In the previous paper, the isolation of 24-methylene-cycloarthanol from wheat-germ oil had been reported. In this paper, a new methylsterol named “gramisterol” having mp 169°C, [α]590+0.5° and mp 152°C, [α]590+28.1° of its acetate and formula C29H48O was isolated by repeating chromatographic separation of the more soluble fraction of the sterols. Gramisterol was precipitated with digitonin, reacted with the Liebermann-Burchard reagent very rapidly and developed blue color more deeply than Δ7-stenol (Fig. 1), and the spectrum of its color was characteristic (Fig. 2). The difference between the molecular rotation of gramisteryl-acetate and that of free gramisterol was +126°, and was obiously greater than the molecular rotation difference of any sterol series (in a narrow sense) excluding Δ5, 7-sterols. Gramisterol showed no absorption maximum of UV spectrum (above 220 mμ), and the IR spectrum (Fig. 3) showed the presences of trisubstituted olefine (6.00μ, 11.87μ, 12.05μ, 12.22μ, 12.45μ), vinylidene (3.253μ, 6.09μ, 11.29μ) and gem-dimethyl (7.33μ) groups. NMR spectrum of this sterol (Fig. 4) had two signals at τ 9.46 and τ 9.17, which were corresponded to two methyl groups connected with C-13 and C-10 respectively, and any other methyl group connected with tertiary carbon atom was not present. The doublet signals at τ 8.97 and τ 9.08 (J=6.6 cps) (at 40 Mc, τ 8.95 and τ 9.12, J=6.8 cps) seemed to indicate one methyl group connected with C-4. The orientation of the methyl group was presumed as α- or equatorial configuration, because the signal of the methyl group connected with C-10 (no 1, 3 diaxial) was appeared at normal position of τ 9.17. The doublet signals at τ 8.93 and τ 9.04 (J=6.6 cps) (at 40 Mc, τ 8.91 and τ 9.08, J=6.8 cps) would be derived from gem-dimethyl group connected with C-25, owing to vinylidene bond connected to the carbon atom. From the above results, the structure of gramisterol was presumed as 4α-methyl-Δ7, 24(28)-ergostadien-3β-ol.
The surface tension, interfacial tension, wetting power, and foaming properties of the mixtures of sucrose monostearate and avionics (sodium oleyl-N-methyltaurate, sodium dodecylbenzenesulfonate and sodium dioctylsulfosuccinate) have been investigated. The CMC values of mixtures were between those of the component surfactants. The surface tension and interfacial tension of the mixtures of sucrose monostearate and oleyl-N-methyltaurate were a little higher than those of the component surfactants at the concentrations above the CMC respectively. The surface tension and interfacial tension of the mixtures of sucrose monostearate and dodecylbenzenesulfonate or dioctylsulfosuccinate were nearly between those of the component surfactants respectively. The wetting power of sucrose monostearate has been increased by the addition of these avionics. The foaming power and foam stability of sucrose monostearate have been remarkably increased by the addition of oleyl-N-methyltaurate, but decreased by the addition of dodecylbenzenesulfonate or dioctylsulfosuccinate.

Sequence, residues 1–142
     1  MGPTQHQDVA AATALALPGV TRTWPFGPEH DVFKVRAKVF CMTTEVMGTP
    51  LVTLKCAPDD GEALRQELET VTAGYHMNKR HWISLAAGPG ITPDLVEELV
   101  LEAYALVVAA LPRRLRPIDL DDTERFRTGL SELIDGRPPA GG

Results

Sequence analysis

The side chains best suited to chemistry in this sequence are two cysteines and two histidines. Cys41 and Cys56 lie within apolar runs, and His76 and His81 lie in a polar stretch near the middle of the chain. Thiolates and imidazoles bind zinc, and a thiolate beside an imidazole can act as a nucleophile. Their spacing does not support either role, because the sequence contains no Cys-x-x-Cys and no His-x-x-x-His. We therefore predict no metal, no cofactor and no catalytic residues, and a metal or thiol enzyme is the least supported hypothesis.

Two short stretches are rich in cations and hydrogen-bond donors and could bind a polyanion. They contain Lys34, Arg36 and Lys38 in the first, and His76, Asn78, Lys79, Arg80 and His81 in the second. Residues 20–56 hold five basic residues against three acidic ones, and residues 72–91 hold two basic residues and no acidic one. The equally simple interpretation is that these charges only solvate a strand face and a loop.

A semimicro apparatus for the cloud point test has been devised. It was found that anionic surfactants free from inorganic salts are very effective for the purpose of elevating the cloud point of the aqueous solution of polyalkylenoxide type nonionics or polyvinyl methyl ether. On the contrary, inorganic salts lowerd the cloud point.
Properties of polyoxyalkylene-glycolated polyvinyl acetate and polyvinyl alcohol were determined. Properties of these polymer were influenced by the weight ratio of polyglycol to polyvinyl acetate. They had clouding points similar to those of nonionic surfactant of polyoxyalkylene glycol series. Among the saponified products, polypropylene-glycolated polyvinyl alcohol had characteristic specialties in emulsifing property etc., but polyethylene-glycolated polyvinyl alcohols had no such special properties as they lost almost of their hydrophobic properties.
Polyvinyl alcohol having various degrees of polymerimerization was sulfated by sulfamic acid. A catalytic action was found at these sulfations for urea and for other kind of alkylamines. Purification of these sulfates was difficult. Sulfated polyvinyl alcohols were swelling easily by water and were easily soluble in water. These sulfates have good accelerative capacity for precipitation of sand, consequently for reclamation work to which these polymer surfactants may find a new application.
Calculating methods of the glyceride distributions proposed by Kartha, Youngs, and Vander Wal were simplified. Youngs' method was modified. Kartha's formulas were assumed to be approximate formulas for calculation of Vander Wal's glyceride type distribution.